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Without the moon, life on Earth would be much different

Published: Tuesday, Aug. 4 2015 4:14 p.m. MDT

The annular eclipse in a multiple exposure photograph as seen from Kanarravillle, Utah Sunday May 20, 2012. (Alan Neves, Deseret News) The annular eclipse in a multiple exposure photograph as seen from Kanarravillle, Utah Sunday May 20, 2012. (Alan Neves, Deseret News)

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Life on Earth would be much different without the moon. In fact, it’s safe to say that the large diversity of life we find on Earth wouldn’t exist at all. Without the stabilizing effects of the moon, life on Earth would exist only in small, compact niches. Life on Earth, without the moon, if it existed at all, would be confined to a narrow band along the equator. All the plants would be short, deeply rooted and ground-hugging. And any land animal would be short, squat and stout. Birds and any flying insects would be impossible.

I’ll explain.

Life on Earth would be much different without the moon. In fact, it's safe to say that the large diversity of life we find on Earth wouldn't exist at all. (David Duprey, AP) Life on Earth would be much different without the moon. In fact, it's safe to say that the large diversity of life we find on Earth wouldn't exist at all. (David Duprey, AP)

Let’s begin with some moon basics. As most of us know, the tides are produced by the moon. The sun also creates tides, but because it’s so far away (93 million miles), its tide–producing effect is about a third that of the moon. The movements of the tides depend on two things: First, the gravitational attraction of the moon, and second, the centrifugal force of the moon-Earth orbit.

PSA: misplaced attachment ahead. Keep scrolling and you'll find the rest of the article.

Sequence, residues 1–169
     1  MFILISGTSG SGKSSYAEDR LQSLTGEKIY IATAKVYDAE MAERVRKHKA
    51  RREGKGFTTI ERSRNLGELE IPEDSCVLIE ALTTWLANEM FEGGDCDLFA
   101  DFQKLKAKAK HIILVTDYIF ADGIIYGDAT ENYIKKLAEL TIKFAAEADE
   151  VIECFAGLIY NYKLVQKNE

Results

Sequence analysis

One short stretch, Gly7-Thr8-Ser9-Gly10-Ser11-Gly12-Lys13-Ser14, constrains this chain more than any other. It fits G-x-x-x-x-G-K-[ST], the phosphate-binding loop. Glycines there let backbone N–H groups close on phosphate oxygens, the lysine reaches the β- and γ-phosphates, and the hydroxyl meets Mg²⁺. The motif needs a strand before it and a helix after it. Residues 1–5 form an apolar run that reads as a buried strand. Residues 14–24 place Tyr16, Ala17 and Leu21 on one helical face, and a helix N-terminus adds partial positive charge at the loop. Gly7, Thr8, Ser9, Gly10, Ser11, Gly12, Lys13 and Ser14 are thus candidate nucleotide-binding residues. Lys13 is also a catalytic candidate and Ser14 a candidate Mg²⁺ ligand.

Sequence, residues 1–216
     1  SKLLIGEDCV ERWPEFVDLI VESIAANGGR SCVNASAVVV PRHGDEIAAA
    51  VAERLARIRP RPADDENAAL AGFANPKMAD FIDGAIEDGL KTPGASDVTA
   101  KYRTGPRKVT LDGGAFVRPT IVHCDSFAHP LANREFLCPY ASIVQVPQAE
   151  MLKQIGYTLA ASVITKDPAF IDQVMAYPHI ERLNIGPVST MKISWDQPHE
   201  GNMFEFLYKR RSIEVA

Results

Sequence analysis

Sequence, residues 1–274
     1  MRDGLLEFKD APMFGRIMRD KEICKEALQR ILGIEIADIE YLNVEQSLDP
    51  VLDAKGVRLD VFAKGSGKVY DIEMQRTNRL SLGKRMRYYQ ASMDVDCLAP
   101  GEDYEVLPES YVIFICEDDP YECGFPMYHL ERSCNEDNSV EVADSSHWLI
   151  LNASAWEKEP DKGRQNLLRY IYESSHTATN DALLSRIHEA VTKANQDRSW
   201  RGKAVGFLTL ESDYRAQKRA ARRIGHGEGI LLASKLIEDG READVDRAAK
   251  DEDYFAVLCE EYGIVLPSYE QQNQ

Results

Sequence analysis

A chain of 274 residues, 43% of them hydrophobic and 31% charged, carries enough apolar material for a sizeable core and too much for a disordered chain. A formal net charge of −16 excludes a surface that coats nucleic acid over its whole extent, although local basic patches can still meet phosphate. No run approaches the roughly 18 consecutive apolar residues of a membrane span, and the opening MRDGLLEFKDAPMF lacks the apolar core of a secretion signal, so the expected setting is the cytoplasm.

Bruce Parker, author of "The Power of the Seas," explains how it works: “Gravitational attraction pulls the earth and the moon toward each other, but at the same time centrifugal force pushes them apart because they are both revolving around a common point.” (The sun).

Giles Sparrow delineates it further in his book "Moon." Gravitational attraction and centrifugal force exactly balance at the center of the earth. On the earth’s surface, on the side closest to the moon, the gravitational force is greater than the centrifugal force (thus the water on the earth’s surface is pulled in that direction, giving that side of the world a high tide), and on the opposite side of the world the centrifugal force is greater than the gravitational force (thus the water on that side of the world will be pulled toward the center of the earth, producing a low tide on that side of the world).

The annular eclipse as seen from Kanarravillle, Utah Sunday May 20, 2012. (Alan Neves, Deseret News) The annular eclipse as seen from Kanarravillle, Utah Sunday May 20, 2012. (Alan Neves, Deseret News)